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Zion’s Mission Work

January 1898 — General Conference, AME Zion Church’s Women’s Home and Foreign Mission Society, Mobile AL


One of the greatest drawbacks to a religious cause is, persons are likely to seek to carry the lightest end of a cross; and it is so much easier to tell than to do, that a great many excellent tellers are poor doers.

The way we have thought more advantageous to the advancement of home and foreign mission work, is to make ourselves missionaries, individually. We are so sensitive and sensible of self and self-interest — and as a general thing, so insensible to the interests of others, that a transformation scene is often necessary to arrive at facts in their true light.

It is not amiss to know (for very few so consider it) that the only true service which can be rendered to God, can only be accomplished by serving our fellow creatures. This is a striking evidence that there can be nothing selfish about true religion. Whenever we allow self to occupy the throne, the connecting link of the spirit of Jesus Christ has been broken. Persons are not likely to judge justly when self is in the way. The Prophet Nathan knew this fact, hence, when he would call from King David’s lip a declaration which reflected on the integrity of the king himself, the prophet took up a parable, and putting gin David’s place a transgressor (instead of the king), he found it easy to kindle David’s anger at the flagrant violator, and drew forth as judgment: “As the Lord liveth, the man that had done this thing shall surely die.” Had David known that the “Thou are the man,” would follow in the next sentence[,] doubtless he had not rendered the severe though just judgment before quoted.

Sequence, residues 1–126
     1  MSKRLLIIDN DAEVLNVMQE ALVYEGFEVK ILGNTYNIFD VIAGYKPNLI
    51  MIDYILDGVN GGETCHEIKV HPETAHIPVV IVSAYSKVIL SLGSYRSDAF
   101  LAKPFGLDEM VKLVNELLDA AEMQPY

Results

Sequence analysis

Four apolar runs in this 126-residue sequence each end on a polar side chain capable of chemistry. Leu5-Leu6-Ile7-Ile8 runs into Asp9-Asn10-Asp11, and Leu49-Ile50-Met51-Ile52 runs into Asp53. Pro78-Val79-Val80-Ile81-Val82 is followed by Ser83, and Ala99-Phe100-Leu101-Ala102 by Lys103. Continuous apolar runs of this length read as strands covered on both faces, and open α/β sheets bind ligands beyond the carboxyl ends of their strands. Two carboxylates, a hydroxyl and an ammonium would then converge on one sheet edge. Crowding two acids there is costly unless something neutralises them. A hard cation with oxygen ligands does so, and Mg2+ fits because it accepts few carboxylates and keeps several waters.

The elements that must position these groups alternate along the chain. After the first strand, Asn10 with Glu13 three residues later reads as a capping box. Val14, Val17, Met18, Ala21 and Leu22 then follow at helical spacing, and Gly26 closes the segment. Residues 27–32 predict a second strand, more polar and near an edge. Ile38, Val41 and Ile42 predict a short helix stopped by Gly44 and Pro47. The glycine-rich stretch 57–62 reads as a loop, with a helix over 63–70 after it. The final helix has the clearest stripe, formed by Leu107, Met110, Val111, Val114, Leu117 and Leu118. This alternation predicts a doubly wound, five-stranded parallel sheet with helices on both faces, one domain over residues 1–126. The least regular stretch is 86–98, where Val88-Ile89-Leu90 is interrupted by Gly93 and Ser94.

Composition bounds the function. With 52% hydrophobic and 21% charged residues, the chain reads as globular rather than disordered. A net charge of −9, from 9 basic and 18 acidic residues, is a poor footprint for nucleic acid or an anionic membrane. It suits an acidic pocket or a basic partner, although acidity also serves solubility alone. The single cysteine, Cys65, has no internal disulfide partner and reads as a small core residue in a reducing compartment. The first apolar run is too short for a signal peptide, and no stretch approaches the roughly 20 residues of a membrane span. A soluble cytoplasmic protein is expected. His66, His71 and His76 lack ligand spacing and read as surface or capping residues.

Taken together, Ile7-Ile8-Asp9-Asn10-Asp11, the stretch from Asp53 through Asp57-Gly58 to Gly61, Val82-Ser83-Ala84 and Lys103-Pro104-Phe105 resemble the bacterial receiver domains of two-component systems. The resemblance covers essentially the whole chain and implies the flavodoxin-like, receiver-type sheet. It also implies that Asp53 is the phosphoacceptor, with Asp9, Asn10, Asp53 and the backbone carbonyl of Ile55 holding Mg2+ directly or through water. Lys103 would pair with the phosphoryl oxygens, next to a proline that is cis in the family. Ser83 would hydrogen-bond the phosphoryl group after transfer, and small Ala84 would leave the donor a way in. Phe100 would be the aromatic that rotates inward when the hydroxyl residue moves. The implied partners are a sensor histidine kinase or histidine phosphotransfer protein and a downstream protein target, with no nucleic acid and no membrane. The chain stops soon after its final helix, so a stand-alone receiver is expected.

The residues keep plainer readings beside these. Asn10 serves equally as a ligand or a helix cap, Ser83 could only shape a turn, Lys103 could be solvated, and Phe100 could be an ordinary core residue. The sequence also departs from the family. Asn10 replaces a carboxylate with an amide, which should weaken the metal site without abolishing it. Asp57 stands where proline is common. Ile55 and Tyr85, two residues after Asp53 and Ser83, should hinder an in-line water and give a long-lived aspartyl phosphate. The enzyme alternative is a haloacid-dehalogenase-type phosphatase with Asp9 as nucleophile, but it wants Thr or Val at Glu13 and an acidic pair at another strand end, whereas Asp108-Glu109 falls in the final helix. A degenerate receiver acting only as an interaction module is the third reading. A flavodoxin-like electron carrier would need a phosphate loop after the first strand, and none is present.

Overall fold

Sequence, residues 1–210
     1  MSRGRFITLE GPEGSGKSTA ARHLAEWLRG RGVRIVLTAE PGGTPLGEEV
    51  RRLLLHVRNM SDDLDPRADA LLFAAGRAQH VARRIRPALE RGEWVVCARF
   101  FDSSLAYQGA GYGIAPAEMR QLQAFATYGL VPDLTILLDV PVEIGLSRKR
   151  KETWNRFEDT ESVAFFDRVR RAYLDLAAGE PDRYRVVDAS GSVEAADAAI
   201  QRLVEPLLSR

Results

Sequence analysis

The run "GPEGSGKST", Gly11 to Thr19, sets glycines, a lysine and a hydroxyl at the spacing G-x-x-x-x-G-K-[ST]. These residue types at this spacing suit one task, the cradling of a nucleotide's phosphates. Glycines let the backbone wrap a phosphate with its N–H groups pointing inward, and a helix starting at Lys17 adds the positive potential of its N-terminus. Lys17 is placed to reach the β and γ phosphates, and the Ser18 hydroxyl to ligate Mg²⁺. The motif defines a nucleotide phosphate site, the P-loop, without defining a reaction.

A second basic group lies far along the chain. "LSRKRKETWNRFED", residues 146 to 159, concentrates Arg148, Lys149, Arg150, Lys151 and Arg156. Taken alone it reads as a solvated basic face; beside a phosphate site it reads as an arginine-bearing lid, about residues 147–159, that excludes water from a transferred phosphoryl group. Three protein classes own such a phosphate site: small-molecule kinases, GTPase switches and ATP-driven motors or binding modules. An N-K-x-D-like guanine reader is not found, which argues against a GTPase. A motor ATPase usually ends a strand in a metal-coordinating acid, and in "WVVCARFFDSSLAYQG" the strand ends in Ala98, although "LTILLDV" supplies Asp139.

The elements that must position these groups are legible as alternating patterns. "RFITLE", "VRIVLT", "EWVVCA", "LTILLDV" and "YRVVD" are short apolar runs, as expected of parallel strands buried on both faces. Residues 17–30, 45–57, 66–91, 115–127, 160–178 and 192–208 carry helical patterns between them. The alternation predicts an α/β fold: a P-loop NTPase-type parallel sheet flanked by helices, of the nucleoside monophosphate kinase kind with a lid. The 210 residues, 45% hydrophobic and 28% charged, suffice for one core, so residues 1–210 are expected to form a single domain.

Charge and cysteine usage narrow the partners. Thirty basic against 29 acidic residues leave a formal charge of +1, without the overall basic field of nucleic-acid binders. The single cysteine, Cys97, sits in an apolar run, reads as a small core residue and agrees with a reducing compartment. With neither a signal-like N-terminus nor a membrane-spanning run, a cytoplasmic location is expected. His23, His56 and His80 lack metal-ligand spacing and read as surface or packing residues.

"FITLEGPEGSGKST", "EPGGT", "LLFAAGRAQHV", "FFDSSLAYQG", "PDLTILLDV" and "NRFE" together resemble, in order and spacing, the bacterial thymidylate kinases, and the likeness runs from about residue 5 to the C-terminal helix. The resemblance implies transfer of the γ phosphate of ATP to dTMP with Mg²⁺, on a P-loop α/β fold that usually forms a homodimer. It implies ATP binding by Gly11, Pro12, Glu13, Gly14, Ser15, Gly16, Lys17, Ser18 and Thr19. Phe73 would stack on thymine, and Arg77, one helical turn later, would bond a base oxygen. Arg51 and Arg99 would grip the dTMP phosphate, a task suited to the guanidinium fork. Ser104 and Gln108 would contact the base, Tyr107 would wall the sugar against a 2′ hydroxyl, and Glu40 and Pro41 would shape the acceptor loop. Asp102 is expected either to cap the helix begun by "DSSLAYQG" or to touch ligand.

Speaking of missions and missionary work, when we are in our comfortable homes, surrounded with the blessings of life, by loving, kind and benevolent friends, we least think of our less fortunate brothers and sisters who are differently situated, in mission field, — home and foreign. It is not always necessary to go to foreign mission fields in order to find distress among a class of God’s creature who are strangers to the inviting calls of the gospel — we may find them sometimes in our gospel land.

The way we think best to awaken our thoughts to the true interest of this important work, is, to put ourselves in the places where missionaries are employed — in the home and foreign mission fields. We will speak:

—1. Of our home mission work. In this our land of boasted civilization and Christianity, there are millions of people who seem worse off than those of heathen countries. There may be those who have opportunities to assist themselves (while others may not) but have not the will or energy. Notwithstanding the neglect of favorable opportunities, for them Jesus lied, suffered, died; and in His dying breath prayed that they may be forgiven — that they may be saved. Of that class of individuals He declared: “I came not to call the righteous, but sinners to repentance.” He sent His disciples to go into all the world and preach the gospel to every creature.

It is true some people are not eloquent in tongue, but they can use other means just as effectively, and which may speak more eloquently than tongues.